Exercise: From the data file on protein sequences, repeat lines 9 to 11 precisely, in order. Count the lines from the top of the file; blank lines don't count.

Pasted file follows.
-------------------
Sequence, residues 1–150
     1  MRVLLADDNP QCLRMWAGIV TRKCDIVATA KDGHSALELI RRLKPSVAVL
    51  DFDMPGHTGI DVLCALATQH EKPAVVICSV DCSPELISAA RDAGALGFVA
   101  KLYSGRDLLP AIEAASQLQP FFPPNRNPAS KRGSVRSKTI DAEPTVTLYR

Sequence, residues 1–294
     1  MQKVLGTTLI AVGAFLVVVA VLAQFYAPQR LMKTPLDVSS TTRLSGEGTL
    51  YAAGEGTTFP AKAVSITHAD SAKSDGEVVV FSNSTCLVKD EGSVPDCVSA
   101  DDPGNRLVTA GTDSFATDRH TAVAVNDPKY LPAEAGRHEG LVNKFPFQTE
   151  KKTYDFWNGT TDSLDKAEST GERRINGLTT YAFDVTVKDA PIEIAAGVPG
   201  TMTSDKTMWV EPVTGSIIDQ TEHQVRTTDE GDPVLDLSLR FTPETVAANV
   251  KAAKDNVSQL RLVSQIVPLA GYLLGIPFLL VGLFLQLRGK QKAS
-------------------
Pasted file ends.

   151  KKTYDFWNGT TDSLDKAEST GERRINGLTT YAFDVTVKDA PIEIAAGVPG
   201  TMTSDKTMWV EPVTGSIIDQ TEHQVRTTDE GDPVLDLSLR FTPETVAANV
   251  KAAKDNVSQL RLVSQIVPLA GYLLGIPFLL VGLFLQLRGK QKAS